Home Fashion Our Guide to Suiting Up (or not) For Your Next Event

Our Guide to Suiting Up (or not) For Your Next Event

It was William Shakespeare who coined the phrase “the clothes maketh the man,” but if you turn up at your next event dressed in Elizabethan breeches, a ruff and a codpiece, you’re going to make a bad impression.

Dressing for events can be as difficult as arranging them, especially if your invitation speaks only in codes more opaque than Shakespearean language. With advice from Snapdragon, luxury party planners, we’ve compiled a guide of how to decode the dress codes, make the most of the rules and really show off your style.

  1. Black tie

The most common formal dress code, black tie is very much not what is says on the tin. Those encountering the phrase for the first time would assume it stipulates the wearing of a literal black tie. It does not. In fact, if you turn up at a corporate event or party in an actual black tie, you’re likely to look like you got lost on the way to a funeral.

Rather than black ties, black tie is all about wearing a suit, a shirt, nice shoes, and a tie (but probably not a black one if your event doesn’t have a mournful tone). This framework gives you room to manoeuvre. Try wearing a fun tie, perhaps with a pattern. Bow ties are even an option here, if you’re feeling fancy/quirky. (A bowtie that squirts water is probably a step too far.)

  1. White tie

While black tie is more common, white tie is the most formal dress code, meaning there is limited scope to display your unique style. Perhaps most helpfully, this dress code is also known as full evening dress, or a dress suit. Think aristocratic British politicians David Cameron, Boris Johnson and pals back in their Oxford days.

It’s unlikely you own a dress suit, unless you frequent the most formal events in the land (in which case, you probably have one of your servants reading this for you). But if you do receive an unexpected invite to Harry and Meghan’s wedding, you’ll need to know what to wear. Luckily, the lack of flexibility with this dress code means you can walk into any tailors and ask for the works. Just make sure they give you a black tailcoat, white shirt, waistcoat, white bow tie, detachable collar, high-waisted black trousers, and leather shoes.

son in law cufflinks black and white bow tie 38270 - Our Guide to Suiting Up (or not) For Your Next Event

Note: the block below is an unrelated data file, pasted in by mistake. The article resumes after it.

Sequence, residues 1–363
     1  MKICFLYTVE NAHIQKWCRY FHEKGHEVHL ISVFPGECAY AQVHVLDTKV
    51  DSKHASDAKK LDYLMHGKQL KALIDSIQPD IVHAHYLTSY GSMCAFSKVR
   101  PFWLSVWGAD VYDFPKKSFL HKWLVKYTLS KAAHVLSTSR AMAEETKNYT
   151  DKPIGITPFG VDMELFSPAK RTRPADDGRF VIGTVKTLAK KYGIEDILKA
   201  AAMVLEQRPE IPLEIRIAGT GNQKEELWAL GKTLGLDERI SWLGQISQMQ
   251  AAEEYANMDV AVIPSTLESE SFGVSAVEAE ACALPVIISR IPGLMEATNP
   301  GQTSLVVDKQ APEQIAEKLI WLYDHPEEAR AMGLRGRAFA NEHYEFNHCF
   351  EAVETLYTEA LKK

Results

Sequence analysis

1. Formal

Finally, a dress code not named for one specific garment. On the downside, ‘formal’ sounds extremely vague, and it conjures up nightmares of misinterpretation. What if you’re not formal enough? What if you’re too formal? Thankfully, the broad nature of this dress code will work in your favour. If the event planner was that fussy about attire, they would have insisted on a more rigid framework.

As such, formal dress codes allow you to have a little more fun. Try a bright jacket, a patterned shirt, a patterned tie—even no tie at all is on the table here. Those looking to make their mark with their outfit can do so with flair and gusto at a formal event. It’s still best to avoid the squirty bow tie, but some degree of novelty is acceptable.

  1. A specific theme

Themed dress codes are the outlier here, in that it’s (normally) very difficult to misunderstand them. If your invite is hand-delivered by a life-size Dalek, you can go wild with the Sci Fi theme. For a pirate theme, an eyepatch is almost essential.

Sticking to the event’s theme is key to survival at a themed event. Rather than attempting to impress with formality, you can show off your costume creation skills with a homemade outfit, or more likely your eBay bidding skills with an outfit bought online. Try not to be embarrassed by looking outlandish—the event planners wanted it this way. If you’re shy, subtle adherence to the theme should be acceptable. And yes, if your event is clown-themed, you can dust off your water-squirting bow tie. But use it wisely, or you could find yourself kicked out.

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